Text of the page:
Life of Sir Joshua Walmsley – Chapter XIX.

CHAPTER XIX.  This chapter covers more of 1848, with a couple of letters taking us up to 1850.  The Corn Laws had been repealed in 1846, splitting the Tories. Sir Robert Peel largely did it to prevent a clamour for more radical reform, in particular from the Chartists. There were  revolutions all over Europe looking for electoral reform and greater participation in political life by the middle and working classes. So it was a heady time.

It is also quite clear that Josh, Cobden, and Joseph Hume are looking for bourgeois rather than radical reform – taking power from the aristocracy and landowners, and increasing the power of the industrialists and manufacturers. So Josh is Radical but not too radical. He’s still a year away from becoming an M.P, and a part-owner of the Daily News, because as said in chapter 18 ” It was owing in some degree to his friend Cobden’s expressed desire to see a new paper started to uphold the doctrine of non-intervention, that Sir Joshua became a part proprietor of the new Liberal organ, The Daily News. ” 

” Poor Bentinck ” referred to in Cobden’s letter is Lord George Bentinck (1802-1848), third son of the 4th Duke of Portland who was the leader of the Conservative Party in the House of Commons between 1846 and 1848 who had died of a heart attack four days before Cobden’s letter. 

 

Previous to starting the National Reform Association, Sir Joshua made a tour through the North of England. He had lost his seat for Leicester, but the fifty members of parliament who had formed themselves into a committee to advocate Reform principles passed a resolution, inviting him to continue honorary secretary to their body, and he had consented to do so. The result of this tour he gave in a letter to Mr. Cobden, which has unfortunately been lost, but the import of which may be gathered from the following answer :

” Hayling Island, Hants, 25th September, 1848.

“My dear Walmsley,

”I have been a good deal interested with the perusal of your letter, giving me a sort of political stock-taking of public opinion in the North.

Much depends for the future upon the course of events on the Continent. If the Germans fall into anarchy, or the Red Republicans get the upper hand in France, our middle classes will cower under the wings of the aristocracy for safety and protection, and you and I may close our accounts as agitators for awhile. In the meantime the economy and retrenchment cry is working and bringing people gradually to the ranks of the parliamentary reformers.

The Daily News is doing the part, and indeed, all parts, admirably, and it would be a pity indeed if, with such an efficient corps of writers, the paper cannot be not merely sustained but strengthened. By-the-way, I got a letter from Birmingham the other day, giving some details of the working of an association for buying county freehold votes. It is succeeding and extending its operations into the neighbourhood, and I feel quite convinced that this forty-shilling freehold scheme is the only certain though slow way of beating the aristocracy; and so I have said in a letter to the society, which will be read at the anniversary meeting on the 6th of October. Poor Bentinck ! what phantoms we are and what bubbles we pursue ! My wife joins me in kind regards to Lady W. and yourself.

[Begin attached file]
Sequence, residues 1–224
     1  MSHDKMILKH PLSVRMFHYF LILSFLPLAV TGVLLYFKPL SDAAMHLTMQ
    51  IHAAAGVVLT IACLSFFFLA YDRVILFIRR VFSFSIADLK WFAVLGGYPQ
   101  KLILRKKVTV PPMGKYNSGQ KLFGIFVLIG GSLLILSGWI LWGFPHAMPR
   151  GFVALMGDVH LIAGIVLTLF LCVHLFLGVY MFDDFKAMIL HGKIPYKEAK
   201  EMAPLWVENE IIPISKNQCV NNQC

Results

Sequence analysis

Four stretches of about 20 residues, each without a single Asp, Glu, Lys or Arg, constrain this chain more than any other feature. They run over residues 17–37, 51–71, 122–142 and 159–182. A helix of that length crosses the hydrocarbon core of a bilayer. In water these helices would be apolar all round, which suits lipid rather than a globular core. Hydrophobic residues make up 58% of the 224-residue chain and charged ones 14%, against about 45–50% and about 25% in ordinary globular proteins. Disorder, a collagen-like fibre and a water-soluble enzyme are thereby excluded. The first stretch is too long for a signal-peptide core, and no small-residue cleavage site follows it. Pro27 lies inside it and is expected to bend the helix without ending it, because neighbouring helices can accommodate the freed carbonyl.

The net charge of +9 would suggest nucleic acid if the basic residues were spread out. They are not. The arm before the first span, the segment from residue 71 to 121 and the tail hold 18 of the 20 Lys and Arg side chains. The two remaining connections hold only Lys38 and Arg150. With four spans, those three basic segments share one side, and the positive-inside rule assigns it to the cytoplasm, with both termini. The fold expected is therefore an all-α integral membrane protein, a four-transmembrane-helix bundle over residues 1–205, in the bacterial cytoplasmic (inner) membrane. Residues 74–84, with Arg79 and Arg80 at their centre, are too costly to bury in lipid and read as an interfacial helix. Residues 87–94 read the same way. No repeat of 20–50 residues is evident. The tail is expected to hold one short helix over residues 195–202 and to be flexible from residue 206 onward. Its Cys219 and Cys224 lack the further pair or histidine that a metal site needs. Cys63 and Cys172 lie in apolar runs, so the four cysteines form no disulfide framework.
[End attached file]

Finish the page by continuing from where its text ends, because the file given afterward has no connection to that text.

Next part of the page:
“ Believe me, faithfully yours,

” Richard Cobden.”

An association had been started in Liverpool, under the name of the Financial Reform Association. The principal object of a visit paid by Sir Joshua to his native city was to see this body, and to attend a meeting to be held in the Portico, Newington, on the 29th September. The purpose of this association, as its name implies, was to enforce the principle of economy in public expenditure. It advocated also a system of direct taxation, levied upon property and income, instead of indirect taxation upon commodities.

The reform of the House of Commons, however, was not included in its programme, and in the estimation of Mr. Hume and his adherents, the reform of the House once effected, all other reforms would follow. On the appointed evening the meeting came off. It was crowded. This short extract from Sir Joshua Walmsley’s speech is a curious statement of the proportionate taxation of England relatively to other countries at that time :

” State taxation in the United States, in Russia, Prussia, and Austria, does not exceed nine shillings to twelve shillings per head, in France it is twenty-six shillings, whilst in our own it is fifty-two shillings and sixpence. In other countries the chief taxes are borne by the land, in this by the labouring classes. ”

In the following letter of Mr. Cobden’s relating to this meeting, one phrase in it, alluding to his own probable length of days, now reads like a mournful prophecy :